City Guides

Before we even start City Guide : Montréal, go grab your Passport. Go on now, don’t wait around all day. Verify that it is current and that it won’t expire within six (6) months of travel. If not, follow this link to renew.



Roundtrip flights from Seattle to Montréal’s Pierre Elliot Trudeau International Airport (YUL)   often range from approx. $473.00 CAD for off peak to $625.00+ for peak, with the majority of affordable flights being through Delta or United. There are no non-stop flights available, so you will require a connection, however, where you connect does not overly affect the cost of the trip. Transport from Trudeau is fairly easy with a majority of cabs available (approx. cost $37.00 CAD -  $65.00 CAD to downtown centre) or the local transit system between buses/subway for approx. $13.50 CAD (cost of a weekend pass). There is also a 24/7 Shuttle Bus that runs from Trudeau to the main transit station in downtown Montréal, 747 Aéroport P.-E.-Trudeau.

The only other real option for alternative airports outside of Trudeau International is Burlington (BTV) in Vermont (153 KM/95 Miles south of Montréal). Starting costs are about the same for non-peak, however, peak cost can go well north of $700.00 CAD. Although, if you take this option you would only require your Enhanced Driver’s License or Passport Card to enter Canada, vice your full Passport. The downside to this option is that you will require a Rental Car.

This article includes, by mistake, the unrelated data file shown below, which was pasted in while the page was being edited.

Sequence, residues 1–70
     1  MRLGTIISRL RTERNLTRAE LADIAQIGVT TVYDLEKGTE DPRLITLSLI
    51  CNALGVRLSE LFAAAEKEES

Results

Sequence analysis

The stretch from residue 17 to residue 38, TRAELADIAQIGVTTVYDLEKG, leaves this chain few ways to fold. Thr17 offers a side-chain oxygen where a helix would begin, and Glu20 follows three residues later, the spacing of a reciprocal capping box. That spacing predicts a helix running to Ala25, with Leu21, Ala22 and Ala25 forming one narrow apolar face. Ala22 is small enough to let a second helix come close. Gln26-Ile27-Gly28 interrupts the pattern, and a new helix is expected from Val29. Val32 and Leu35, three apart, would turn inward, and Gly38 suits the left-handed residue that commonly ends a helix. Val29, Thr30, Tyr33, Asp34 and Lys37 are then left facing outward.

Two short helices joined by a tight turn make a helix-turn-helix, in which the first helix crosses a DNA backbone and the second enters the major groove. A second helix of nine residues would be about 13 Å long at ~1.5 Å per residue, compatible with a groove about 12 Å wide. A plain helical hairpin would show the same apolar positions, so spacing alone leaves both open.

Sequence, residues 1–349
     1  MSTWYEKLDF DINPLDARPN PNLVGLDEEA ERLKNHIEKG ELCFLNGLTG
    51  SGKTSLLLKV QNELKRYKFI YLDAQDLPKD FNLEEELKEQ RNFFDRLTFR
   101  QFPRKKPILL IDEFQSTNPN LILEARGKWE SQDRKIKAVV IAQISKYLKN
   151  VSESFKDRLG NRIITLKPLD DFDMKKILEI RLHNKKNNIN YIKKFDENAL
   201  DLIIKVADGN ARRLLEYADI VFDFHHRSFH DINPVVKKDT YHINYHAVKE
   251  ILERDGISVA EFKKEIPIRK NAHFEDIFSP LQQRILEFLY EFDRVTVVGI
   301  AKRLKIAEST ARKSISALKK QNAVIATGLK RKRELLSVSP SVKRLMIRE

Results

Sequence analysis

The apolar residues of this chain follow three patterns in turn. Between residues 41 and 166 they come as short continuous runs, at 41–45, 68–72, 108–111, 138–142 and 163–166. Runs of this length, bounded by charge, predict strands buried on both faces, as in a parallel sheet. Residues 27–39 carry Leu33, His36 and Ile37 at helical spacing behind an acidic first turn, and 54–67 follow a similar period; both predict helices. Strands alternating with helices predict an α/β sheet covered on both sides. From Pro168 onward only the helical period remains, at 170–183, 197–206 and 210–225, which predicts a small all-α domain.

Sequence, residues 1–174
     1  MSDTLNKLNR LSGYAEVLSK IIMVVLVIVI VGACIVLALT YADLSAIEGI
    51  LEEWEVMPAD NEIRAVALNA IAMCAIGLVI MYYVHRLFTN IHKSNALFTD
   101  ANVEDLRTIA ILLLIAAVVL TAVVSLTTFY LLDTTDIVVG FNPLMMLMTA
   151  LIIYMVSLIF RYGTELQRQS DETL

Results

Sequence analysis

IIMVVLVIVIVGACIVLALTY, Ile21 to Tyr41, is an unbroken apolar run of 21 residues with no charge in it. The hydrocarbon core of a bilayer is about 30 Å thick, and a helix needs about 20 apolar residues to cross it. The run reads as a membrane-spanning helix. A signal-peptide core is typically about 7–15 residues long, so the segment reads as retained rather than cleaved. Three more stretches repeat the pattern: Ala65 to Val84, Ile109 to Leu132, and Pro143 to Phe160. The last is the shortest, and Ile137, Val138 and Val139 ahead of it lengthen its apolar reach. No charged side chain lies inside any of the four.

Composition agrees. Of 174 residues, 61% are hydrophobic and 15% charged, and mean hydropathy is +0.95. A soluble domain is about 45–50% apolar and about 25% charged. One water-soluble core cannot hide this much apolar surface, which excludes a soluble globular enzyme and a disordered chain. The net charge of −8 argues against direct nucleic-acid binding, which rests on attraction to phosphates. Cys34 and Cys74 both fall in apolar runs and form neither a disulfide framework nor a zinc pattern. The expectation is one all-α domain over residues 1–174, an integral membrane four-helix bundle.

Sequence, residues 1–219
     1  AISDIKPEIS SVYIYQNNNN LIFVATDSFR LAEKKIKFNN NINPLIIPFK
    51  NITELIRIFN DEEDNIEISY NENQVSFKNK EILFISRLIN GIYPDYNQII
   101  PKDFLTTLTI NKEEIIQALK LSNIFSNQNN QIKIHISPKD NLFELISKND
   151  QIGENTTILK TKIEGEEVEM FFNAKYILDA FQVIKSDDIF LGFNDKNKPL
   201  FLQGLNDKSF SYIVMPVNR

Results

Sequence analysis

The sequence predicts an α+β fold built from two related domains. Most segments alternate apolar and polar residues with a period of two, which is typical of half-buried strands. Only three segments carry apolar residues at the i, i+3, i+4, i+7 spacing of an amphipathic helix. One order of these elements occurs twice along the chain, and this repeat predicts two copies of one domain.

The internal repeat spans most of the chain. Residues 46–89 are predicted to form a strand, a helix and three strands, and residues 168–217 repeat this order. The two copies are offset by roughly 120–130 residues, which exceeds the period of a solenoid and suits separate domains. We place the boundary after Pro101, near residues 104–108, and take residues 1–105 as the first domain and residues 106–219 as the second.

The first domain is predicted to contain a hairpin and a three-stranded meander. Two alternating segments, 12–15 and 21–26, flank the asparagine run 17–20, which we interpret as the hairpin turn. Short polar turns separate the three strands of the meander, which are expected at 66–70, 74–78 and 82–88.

If taking a straight shot drive of 4691.56 KM / 2915.2 miles is your cup of coffee (proper Seattle coffee, of course), then this option is totally for you. This also gives you more options for Border crossings as you can jump in to Canada at almost any time, depending on how much of the US/Canada you wish to see. Parking can get expensive in Montréal if you don’t know where to go. Downtown will usually set you back anywhere from $20.00 CAD to $50.00 CAD a day, so be sure to shop around where your hotel is located for the best option.  

If you take the “Fly in to Burlington” option and rent a car, you’re looking at about a 2hr drive plus the border crossing (approx. 60min on a good day). 



While there are Taxis available, the Société de Dransport de Montréal (STM) is going to be the best bet for easy travel around the city. Comprised of both a subway & a bus system, you use the same tickets and have no need to shop around. 

The station(s) you would require to get to Stade Saputo and Stade Olympique are on the GREEN LINE and are called “PIE-IX” & “VIAU


Montréal did not receive its nickname of “The City Of A Hundred Steeples” for now reason. The city holds some of the oldest churches & cathedrals in Canada. The most famous of these is Montreal's oldest Catholic church, the Notre-Dame Basilica. Built in 1656, is known for its intricately designed interior, which includes stained glass chronicling the history of the city. 

Old Montréal is an historic part of the city that offers a little bit of everything and has the feel of stepping back in time to Old France. From the beautiful Hotel Place d’Armes, the thought provoking Museum Pointe-à-Callière prestigious 18th century Château Ramezay, the delicious Les 400 Coups, and finish with a walk down the cobblestones of Rue Saint-Paul. 

Founded in 1860, the Montréal Museum of Fine Arts houses over 41,000 works from Antiquity to today, comprised of paintings, sculptures, graphic arts, photographs and decorative art objects displayed in four pavilions. If the fine arts are not for you, the Musée d’Art Contemporain de Montréal might be. For more than fifty years, this vibrant museum has brought together local and international artists, their works and an ever growing public.